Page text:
Clinical Evidence Regarding Outcome Measures in Traumatic Lower Limb Amputations Background



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Clinical Evidence Regarding Outcome Measures in Traumatic Lower Limb Amputations

Background

  • The height of the residual limb following amputation has a large impact on the amputee’s functional capacity and quality of life.

  • Physicians need accurate information as to the impact of the level of amputation on their patient’s lives.

  • It is understood that the more proximal the level of amputation the greater the physiological demand on the amputee.


Clinical Evidence
Quality of Life

  • Perceived quality of life in unilateral amputee patients progressively and significantly lowers as the level of amputation becomes more proximal from BKA to TKA to AKA.

  • Patients with bilateral amputation have a higher perceived quality of life than do unilateral TKA and AKA patients, but similar to unilateral BKA patients.


Mobility

  • TKA patients are able to walk further than AKA or bilateral amputees.

  • AKA and bilateral amputees show little to no difference in their mobility (assessed by ability to walk greater than 500ft.)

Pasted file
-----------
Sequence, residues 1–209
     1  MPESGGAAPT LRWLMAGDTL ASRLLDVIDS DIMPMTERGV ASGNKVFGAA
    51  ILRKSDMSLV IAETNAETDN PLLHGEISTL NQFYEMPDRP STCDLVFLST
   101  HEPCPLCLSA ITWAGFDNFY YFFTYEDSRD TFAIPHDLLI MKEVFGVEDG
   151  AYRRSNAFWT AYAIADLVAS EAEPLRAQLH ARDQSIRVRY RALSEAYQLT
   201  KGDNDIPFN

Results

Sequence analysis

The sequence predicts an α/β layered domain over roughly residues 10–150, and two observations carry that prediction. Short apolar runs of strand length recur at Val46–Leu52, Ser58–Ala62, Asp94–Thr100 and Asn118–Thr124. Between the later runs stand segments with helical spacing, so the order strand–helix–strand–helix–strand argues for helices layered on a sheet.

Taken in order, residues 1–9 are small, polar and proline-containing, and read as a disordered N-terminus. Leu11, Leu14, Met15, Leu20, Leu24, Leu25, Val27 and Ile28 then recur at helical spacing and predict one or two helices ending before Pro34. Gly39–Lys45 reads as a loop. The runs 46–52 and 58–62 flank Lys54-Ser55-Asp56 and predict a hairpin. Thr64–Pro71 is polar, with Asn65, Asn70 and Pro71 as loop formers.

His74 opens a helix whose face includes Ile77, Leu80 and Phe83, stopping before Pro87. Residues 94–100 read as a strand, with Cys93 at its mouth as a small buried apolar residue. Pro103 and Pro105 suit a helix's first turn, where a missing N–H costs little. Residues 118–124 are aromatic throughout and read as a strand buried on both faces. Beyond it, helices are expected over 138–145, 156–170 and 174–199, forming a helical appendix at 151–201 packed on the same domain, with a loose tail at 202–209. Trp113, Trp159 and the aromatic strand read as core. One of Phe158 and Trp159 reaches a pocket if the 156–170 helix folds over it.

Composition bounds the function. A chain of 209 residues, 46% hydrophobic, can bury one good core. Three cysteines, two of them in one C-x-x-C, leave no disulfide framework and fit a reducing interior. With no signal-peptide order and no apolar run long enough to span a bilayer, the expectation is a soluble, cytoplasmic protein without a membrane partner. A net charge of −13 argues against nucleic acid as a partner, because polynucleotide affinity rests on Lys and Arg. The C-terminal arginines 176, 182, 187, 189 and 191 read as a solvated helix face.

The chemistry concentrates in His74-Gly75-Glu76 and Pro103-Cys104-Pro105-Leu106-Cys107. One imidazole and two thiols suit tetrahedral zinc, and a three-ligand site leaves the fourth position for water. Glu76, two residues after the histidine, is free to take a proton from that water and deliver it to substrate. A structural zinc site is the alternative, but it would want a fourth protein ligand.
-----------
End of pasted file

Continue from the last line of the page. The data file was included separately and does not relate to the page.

Employment

  • Approximately 70% of lower-limb amputees were able to return to employment post-amputation regardless of the residual limb height.

  • Lower proportions of active duty military were able to return to duty

    • 16% of BKA

    • 11% of AKA


Prosthesis Use

  • Patients with BKA wore their prosthesis significantly more than those with an AKA.

  • Patients with TKA wore their prosthesis less than BKA and AKA, but more than patients with bilateral amputations.

Pain Symptoms

  • Pain experienced with the residual limb was found to be similar in BKA and AKA.

  • Patients with TKA experience greater levels of perceived pain than do BKA or AKA patients.

  • Bilateral amputees suffer from the least amount of pain of all lower-limb amputees.



Penn-Barwell JG. Outcomes in lower limb amputation following trauma: a systematic review and meta-analysis. Injury. Dec 2011;42(12):1474-1479.



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